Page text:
As part of your conversations with your little kids, it’s important to plant the seed about waiting early on. You will note that I don’t say anything about sex being something “adults” do because that’s not true. Teens have sex. It’s smarter to say, “When you are older.”
“Wait To Have Sex” Script for 3 to 8 year olds:
Even though sex feels really great, sex isn’t for kids. It’s for when you are older. Kids’ bodies, hearts and minds aren’t ready for sex. We’ll have lots of conversations about this stuff so when it’s time for you, you’ll be ready.
I hope you will wait until you are…(married, in college, in a loving committed relationship) before you take this step.
“Wait To Have Sex” Script for 9+:
The reason I expect you to wait until you are older to have sex is because this is an adult decision with really big consequences. The older you are, the better decisions you will make – and the sex will be better too!
When you are in a loving, committed relationship there is a level of trust, communication and respect that makes it safer to be sexual with someone. You can easily talk about birth control, what you like, what you would do if you or your partner became pregnant.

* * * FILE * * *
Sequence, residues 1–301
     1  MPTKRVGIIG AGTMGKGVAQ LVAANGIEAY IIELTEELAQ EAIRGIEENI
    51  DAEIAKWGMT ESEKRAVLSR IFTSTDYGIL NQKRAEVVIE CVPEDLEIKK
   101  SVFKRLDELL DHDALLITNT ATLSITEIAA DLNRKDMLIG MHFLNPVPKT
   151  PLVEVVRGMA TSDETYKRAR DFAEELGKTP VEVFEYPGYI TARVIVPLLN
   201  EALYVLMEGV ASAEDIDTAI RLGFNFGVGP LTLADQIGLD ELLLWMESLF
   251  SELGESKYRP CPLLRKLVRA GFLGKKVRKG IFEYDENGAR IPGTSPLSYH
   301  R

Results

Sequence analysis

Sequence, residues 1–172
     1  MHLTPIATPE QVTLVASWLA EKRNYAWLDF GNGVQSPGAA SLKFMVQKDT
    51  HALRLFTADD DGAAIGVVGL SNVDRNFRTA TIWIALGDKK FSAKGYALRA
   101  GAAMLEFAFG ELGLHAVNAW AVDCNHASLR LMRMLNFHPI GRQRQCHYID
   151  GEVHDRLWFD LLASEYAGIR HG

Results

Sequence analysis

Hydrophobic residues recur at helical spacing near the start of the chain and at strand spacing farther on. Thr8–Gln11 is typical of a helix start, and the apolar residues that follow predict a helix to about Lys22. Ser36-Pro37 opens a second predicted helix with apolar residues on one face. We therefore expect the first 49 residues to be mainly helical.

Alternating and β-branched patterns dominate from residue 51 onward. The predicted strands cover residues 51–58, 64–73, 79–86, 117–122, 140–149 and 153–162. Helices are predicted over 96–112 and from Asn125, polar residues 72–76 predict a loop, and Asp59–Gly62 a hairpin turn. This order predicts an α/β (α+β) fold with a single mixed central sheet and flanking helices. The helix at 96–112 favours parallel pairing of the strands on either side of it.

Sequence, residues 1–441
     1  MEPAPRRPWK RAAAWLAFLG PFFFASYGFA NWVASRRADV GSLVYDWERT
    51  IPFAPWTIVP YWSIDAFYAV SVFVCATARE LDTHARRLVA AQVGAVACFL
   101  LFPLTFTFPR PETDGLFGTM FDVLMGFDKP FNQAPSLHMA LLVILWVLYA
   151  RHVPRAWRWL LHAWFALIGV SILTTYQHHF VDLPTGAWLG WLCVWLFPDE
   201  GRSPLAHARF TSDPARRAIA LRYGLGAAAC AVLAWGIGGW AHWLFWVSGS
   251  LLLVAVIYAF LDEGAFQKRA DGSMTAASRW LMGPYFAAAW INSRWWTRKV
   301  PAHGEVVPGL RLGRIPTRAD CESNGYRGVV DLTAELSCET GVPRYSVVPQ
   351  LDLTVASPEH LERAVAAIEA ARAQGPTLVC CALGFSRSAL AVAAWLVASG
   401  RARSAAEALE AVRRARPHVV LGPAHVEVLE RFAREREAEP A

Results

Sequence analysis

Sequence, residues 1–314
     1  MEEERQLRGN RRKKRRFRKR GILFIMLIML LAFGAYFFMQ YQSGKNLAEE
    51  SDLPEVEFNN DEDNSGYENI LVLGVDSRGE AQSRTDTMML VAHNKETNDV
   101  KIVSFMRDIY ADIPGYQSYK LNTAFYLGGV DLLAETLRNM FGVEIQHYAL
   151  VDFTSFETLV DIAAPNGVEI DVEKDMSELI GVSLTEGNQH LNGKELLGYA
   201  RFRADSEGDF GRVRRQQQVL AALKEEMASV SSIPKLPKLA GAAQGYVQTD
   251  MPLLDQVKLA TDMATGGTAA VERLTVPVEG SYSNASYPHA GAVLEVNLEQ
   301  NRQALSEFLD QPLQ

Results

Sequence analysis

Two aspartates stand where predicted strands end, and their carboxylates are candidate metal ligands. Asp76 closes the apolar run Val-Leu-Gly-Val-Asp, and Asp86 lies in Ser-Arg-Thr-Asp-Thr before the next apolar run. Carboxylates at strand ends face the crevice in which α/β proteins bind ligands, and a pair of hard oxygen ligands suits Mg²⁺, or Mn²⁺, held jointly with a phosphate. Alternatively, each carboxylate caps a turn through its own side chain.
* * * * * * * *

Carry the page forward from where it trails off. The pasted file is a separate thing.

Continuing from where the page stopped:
We will talk about this a lot and you may get tired of it. It’s my job to make sure you know it all so you can make great choices and have great relationships.
What are your plans for the future? Let’s talk about how your future would change if you were to become pregnant/impregnate someone.
Expert Tips On How To Talk To Your Kids About Waiting For Sex
If they ask you how old you were when you had sex the first time, be as honest as you can. If you lie, they will eventually find out, so it’s better to find a way to talk about it. For example, if Milo ever DARES to ask me that question, I will say, “I was one month from being 17 and with a guy that I really liked. We weren’t in a relationship. If I had it to do over again, I wish that I had been in love and in a relationship with someone I trusted, like your dad. That’s what I hope for you.”
One Note of Caution:
If you were sexually abused as a child or raped your first time, do not tell your children about this. Instead, talk to them about the first time you chose to have sex. Your child needs to see you as whole and healthy and I believe sharing a traumatic event like this with them can be very upsetting. When they are older (late teens) and it seems appropriate, it’s okay to tell them the rest of the story. I know you may not agree with me about this, and that’s cool. Do what you think is right for you and your family.